Lerning Styles, Tests and Exams

by Barbara Prashnig



How studying and exam preparation benefit from a knowledge of style diversity

It is this time of the year again – at least in the northern hemisphere! Thousands of students are preparing themselves for upcoming exams in schools everywhere and many are suffering from anxiety, frustration and despair because they know they are fighting a losing battle. Parents will do their utmost to help their children achieve the best possible results, but unfortunately not always with the success they had hoped for. Despite study skills courses, exam preparation techniques and expensive private tuition, many students will not achieve the exam outcomes proportionate to their efforts. But finally, true help is on the horizon: a well-understood Learning Styles (LS) approach and personalized study techniques can change that for the better.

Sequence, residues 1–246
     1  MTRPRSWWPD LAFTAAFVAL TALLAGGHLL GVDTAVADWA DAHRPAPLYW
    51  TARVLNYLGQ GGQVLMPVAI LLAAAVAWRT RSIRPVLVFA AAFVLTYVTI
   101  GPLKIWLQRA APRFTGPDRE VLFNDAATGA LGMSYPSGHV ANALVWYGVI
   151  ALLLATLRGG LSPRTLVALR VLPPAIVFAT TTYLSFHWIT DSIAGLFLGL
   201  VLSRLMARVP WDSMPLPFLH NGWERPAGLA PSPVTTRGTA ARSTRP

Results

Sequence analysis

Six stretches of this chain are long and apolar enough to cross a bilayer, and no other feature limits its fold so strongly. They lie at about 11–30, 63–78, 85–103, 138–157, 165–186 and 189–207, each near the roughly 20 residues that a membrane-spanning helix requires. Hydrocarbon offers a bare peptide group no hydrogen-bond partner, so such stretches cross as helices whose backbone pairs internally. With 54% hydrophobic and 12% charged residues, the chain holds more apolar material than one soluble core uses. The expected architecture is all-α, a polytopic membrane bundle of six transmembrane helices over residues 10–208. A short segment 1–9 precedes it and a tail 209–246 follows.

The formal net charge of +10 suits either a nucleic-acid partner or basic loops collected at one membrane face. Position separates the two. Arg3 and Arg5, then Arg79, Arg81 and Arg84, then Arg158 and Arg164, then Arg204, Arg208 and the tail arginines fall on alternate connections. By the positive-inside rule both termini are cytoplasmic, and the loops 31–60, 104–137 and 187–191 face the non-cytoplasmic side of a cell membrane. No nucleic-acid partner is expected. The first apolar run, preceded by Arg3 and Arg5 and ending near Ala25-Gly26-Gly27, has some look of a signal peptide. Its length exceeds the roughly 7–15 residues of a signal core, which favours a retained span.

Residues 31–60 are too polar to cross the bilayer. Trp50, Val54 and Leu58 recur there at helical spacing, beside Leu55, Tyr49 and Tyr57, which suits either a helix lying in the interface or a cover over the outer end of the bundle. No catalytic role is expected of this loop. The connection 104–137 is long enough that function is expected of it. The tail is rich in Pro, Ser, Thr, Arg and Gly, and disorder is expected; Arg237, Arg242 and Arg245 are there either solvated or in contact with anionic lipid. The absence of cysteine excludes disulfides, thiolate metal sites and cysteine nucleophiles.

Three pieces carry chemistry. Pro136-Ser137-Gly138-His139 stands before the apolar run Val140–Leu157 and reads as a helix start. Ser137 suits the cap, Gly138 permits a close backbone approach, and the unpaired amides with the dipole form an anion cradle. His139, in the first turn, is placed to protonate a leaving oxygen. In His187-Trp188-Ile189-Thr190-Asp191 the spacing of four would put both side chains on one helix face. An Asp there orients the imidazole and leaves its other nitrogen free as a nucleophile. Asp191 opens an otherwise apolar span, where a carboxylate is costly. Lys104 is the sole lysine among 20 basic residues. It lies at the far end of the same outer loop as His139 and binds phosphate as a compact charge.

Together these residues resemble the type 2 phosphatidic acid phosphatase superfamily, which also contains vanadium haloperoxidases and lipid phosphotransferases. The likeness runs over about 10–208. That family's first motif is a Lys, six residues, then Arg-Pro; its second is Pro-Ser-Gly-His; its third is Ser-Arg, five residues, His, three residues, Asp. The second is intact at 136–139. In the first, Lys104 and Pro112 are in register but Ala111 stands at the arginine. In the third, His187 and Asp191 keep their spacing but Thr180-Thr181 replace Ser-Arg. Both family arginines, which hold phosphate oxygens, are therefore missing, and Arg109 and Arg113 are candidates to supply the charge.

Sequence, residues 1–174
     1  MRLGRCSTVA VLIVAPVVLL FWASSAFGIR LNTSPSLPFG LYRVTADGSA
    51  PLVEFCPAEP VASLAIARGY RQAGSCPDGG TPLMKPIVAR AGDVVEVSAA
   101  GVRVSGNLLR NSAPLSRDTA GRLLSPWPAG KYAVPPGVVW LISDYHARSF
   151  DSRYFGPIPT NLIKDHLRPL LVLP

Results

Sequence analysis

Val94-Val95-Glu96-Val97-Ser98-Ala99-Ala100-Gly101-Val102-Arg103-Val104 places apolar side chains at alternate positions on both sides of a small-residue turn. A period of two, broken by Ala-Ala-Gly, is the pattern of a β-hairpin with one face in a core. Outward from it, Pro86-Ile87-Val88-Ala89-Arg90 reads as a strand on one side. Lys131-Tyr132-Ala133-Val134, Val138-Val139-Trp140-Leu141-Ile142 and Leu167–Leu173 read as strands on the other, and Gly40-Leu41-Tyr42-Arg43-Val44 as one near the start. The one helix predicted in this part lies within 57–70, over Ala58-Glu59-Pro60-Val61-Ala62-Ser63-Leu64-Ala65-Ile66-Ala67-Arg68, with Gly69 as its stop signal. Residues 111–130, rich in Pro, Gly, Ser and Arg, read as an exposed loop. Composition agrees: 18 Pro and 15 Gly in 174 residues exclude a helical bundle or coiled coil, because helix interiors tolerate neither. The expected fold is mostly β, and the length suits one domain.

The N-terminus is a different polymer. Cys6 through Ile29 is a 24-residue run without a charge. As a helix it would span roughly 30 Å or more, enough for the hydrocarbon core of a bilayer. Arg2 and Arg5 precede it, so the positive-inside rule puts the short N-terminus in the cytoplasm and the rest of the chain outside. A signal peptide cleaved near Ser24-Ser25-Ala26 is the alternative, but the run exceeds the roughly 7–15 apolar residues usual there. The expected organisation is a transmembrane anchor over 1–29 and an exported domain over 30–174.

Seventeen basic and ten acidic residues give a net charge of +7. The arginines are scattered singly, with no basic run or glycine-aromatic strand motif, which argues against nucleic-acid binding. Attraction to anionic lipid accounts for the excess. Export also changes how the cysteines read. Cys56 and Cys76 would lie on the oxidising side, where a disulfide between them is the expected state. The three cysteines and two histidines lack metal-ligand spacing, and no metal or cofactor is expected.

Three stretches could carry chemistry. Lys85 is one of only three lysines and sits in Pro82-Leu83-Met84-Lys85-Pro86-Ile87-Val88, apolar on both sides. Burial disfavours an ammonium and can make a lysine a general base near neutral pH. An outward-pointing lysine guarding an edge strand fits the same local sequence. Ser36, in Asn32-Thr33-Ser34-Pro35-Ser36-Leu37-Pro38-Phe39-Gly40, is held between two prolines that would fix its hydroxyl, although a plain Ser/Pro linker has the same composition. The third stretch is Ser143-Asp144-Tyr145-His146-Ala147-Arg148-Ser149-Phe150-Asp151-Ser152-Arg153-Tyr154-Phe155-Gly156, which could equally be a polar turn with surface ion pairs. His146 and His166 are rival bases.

Exam-culture in traditional education systems

There is strong consensus among educators that no matter how we teach our students, ultimately they need to be capable of taking tests and sit exams successfully. One cannot contest these aspirations for a minute, particularly as long as there are systems in place which measure students’ learning success in prescribed tests, assessments and exams. To be successful in such a system based on ‘Assessment for Learning’ like in the US and UK (in other words dependent on testing), students need to be well prepared and confident to achieve desired outcomes. Therefore teachers need to understand the role of learning styles in teaching, studying and exam preparation more than ever.

Accommodating LS in tests and exams??